Hillary Clinton meets the press

CEDAR FALLS, Iowa – Speaking to reporters for the first time in nearly a month, Hillary Clinton said she wants the State Department to release her emails as soon as possible.

Clinton has taken heat for keeping her distance from the press for the past 28 days, but she took questions for about five minutes following a small business roundtable at a bike shop here Tuesday.

“I have said repeatedly I want these emails out,” Clinton said in response to question from NBC News’ Kristen Welker. “Nobody has a bigger interest in getting them released than I do."

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The State Department, which Clinton headed for four years, said Monday that it would take until January 2016 to process the 55,000 pages of emails from Clinton's private email server she turned over last year -- much later than expected previously. In response, a federal judge said Tuesday that he wants the State Department to produce the emails as they are processed on a “rolling” basis.

Clinton urged the State Department to expedite the process, but she essentially said her hands are tied, because the agency must follow its standard process of vetting emails for release.

The Democratic presidential candidate would like to get the email issue behind her as the 2016 campaign ramps up. And she found some unlikely allies Tuesday, like Texas Sen. Jon Cornyn, who want the emails made public sooner than later.

On her second trip to Iowa since declaring her candidacy, Clinton also answered questions on Iraq, her family’s charitable foundation, her wealth and her friend Sydney Blumenthal, the subject of a recent New York Times investigation.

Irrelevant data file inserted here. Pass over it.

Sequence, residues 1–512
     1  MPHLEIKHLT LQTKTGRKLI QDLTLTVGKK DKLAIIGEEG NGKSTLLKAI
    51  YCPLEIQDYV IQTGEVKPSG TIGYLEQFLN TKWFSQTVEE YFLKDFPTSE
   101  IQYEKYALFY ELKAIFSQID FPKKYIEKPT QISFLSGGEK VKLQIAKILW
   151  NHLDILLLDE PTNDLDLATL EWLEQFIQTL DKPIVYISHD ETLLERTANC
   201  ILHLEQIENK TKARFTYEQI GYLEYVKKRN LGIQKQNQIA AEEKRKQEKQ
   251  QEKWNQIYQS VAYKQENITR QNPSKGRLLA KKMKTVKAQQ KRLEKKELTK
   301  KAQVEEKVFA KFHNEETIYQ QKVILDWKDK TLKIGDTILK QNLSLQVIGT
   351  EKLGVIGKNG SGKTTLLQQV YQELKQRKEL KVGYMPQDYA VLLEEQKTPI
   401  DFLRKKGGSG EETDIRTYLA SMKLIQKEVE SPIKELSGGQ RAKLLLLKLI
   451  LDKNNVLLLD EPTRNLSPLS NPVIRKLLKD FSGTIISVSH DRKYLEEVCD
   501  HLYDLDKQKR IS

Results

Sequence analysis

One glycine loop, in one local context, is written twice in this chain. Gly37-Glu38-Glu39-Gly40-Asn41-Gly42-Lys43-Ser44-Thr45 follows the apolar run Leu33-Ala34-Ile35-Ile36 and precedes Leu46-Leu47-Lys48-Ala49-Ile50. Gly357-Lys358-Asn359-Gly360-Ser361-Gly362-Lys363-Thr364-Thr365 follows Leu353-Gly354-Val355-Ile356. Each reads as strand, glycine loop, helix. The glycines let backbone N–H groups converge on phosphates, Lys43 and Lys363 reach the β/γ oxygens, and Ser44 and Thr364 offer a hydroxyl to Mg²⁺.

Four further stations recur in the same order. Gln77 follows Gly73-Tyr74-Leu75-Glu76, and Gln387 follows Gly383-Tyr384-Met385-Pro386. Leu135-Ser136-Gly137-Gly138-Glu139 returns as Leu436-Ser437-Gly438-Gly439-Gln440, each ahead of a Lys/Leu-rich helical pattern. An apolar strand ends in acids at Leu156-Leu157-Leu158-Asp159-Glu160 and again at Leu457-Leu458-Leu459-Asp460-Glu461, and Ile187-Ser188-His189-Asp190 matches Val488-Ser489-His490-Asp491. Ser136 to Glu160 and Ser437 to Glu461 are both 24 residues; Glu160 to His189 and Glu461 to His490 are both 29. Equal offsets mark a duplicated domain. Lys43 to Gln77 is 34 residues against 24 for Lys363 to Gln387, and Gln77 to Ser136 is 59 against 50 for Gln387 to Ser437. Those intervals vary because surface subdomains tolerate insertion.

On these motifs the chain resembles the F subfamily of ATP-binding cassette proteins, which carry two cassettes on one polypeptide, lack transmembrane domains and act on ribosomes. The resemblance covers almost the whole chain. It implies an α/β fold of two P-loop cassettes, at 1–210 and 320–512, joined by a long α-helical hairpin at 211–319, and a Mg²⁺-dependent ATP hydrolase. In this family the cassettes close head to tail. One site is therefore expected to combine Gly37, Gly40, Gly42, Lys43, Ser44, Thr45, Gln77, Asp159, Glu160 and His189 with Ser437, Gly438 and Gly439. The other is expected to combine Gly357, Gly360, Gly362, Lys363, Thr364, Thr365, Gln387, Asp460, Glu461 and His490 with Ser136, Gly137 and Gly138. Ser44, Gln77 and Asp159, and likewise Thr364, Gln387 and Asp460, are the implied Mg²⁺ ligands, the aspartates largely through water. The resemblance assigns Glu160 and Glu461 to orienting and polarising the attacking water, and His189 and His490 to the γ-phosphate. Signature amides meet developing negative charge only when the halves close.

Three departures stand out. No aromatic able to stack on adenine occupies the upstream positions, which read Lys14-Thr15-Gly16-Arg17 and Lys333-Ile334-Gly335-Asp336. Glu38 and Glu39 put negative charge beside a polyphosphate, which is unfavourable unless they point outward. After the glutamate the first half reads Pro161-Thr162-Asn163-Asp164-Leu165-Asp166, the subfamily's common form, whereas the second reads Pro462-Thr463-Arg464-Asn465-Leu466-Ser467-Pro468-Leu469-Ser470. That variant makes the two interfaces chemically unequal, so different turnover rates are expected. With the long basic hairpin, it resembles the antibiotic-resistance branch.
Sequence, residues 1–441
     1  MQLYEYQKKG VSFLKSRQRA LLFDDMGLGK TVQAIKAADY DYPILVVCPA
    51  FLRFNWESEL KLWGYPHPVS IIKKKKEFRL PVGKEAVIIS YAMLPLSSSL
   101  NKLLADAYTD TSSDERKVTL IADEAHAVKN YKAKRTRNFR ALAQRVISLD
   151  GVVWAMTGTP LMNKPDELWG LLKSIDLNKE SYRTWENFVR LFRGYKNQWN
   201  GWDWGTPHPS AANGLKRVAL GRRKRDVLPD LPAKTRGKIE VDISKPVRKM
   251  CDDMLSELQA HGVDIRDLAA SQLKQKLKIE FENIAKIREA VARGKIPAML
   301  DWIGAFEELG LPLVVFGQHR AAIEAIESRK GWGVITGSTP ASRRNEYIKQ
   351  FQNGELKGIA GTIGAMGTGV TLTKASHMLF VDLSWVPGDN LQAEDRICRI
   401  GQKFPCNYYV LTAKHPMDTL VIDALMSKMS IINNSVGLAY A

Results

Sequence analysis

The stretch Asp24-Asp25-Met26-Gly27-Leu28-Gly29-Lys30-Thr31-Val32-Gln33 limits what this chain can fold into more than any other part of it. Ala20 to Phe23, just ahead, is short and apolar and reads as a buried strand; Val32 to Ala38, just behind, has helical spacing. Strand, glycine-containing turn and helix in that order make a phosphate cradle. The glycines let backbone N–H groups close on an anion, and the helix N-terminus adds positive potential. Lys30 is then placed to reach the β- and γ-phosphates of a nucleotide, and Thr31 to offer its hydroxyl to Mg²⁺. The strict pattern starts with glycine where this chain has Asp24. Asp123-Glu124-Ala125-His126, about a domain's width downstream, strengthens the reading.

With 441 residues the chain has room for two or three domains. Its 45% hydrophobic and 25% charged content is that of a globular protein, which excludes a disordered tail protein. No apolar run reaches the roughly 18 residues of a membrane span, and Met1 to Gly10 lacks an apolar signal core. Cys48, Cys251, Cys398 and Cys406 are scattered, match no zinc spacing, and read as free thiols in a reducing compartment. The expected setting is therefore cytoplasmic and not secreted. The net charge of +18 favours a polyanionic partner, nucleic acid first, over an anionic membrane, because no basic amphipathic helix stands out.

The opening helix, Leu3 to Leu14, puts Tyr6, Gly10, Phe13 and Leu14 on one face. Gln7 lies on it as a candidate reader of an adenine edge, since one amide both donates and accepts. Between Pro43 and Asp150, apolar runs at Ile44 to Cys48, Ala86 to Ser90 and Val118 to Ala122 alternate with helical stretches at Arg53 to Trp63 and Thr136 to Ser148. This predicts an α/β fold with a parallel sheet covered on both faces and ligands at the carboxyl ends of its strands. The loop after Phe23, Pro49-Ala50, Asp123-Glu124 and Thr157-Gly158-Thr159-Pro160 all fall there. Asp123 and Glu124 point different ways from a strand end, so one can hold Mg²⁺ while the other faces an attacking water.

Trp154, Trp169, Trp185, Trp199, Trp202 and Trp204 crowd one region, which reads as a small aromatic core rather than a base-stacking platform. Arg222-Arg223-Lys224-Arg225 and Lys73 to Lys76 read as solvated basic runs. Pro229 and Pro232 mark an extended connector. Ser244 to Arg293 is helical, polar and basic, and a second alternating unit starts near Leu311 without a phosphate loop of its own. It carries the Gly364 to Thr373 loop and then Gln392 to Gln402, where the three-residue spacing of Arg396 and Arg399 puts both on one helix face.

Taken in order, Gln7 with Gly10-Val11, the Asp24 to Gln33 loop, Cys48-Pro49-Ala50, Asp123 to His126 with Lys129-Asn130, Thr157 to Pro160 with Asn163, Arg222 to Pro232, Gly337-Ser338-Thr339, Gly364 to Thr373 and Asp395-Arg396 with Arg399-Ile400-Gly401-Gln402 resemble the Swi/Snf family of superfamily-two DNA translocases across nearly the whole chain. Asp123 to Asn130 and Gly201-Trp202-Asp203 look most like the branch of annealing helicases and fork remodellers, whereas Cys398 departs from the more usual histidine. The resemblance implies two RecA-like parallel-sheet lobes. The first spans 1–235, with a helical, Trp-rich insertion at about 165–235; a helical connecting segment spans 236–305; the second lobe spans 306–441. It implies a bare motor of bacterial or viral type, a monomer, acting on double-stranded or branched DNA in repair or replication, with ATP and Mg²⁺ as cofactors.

Recent campaign disclosures revealed that Clinton and her husband made $30 million since January of last year, mostly from speaking fees, but Clinton said that wealth did not make her out of touch. 

“Bill and I have been blessed and we’re very grateful for the opportunities that we’ve had, but we’ve never forgotten where we came from,” she said. “That means that we’re going to fight to make sure that everybody has the same chances.” She added that “the deck is still stacked in favor of those at the very top,” and that she would work to level the playing field.

Clinton’s vote in favor of the Iraq war arguably cost her the Democratic nomination in 2008. The issue has also tripped up Republican 2016 hopefuls in recent days, who have had difficultly explaining whether they would have invaded the country, knowing what we know now. 

“I know there have been a lot of question about Iraq posed to candidates over the last weeks,” Clinton said in response to another question.  

Clinton repeated that her vote was a "mistake." And she said the U.S. should mostly say out of the country today as ISIS militants take over large swaths of the country, while providing support and aide to the Iraqi government.

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And the former secretary of state also responded to allegations, brought to light by a recent New York Times report, that she took advice on Libya from Sydney Blumenthal, an old friend and Bill Clinton aide who was barred from working at the State Department. 

“I have many many old friends. And I always think that it's important when you get into politics to have friends you had before you get into politics and understand what’s on their mind,” Clinton said.

She said Blumenthal sent her “unsolicited emails, which I passed on in some instances,” a practice she defended since she said public officials have to guard against getting “caught in a bubble” of the national security bureaucracy. 

Clinton also stood by her family's charitable foundation, which has become the center of controversy over pay-for-play allegations, saying she is very proud of its work. 

There were plenty of other questions Clinton did not answer. For instance, while she addressed the Trans-Pacific Partnership trade treaty during her roundtable event, she has not taken a position on a controversial bill that would give President Obama “fast track” authority to approve such trade deals.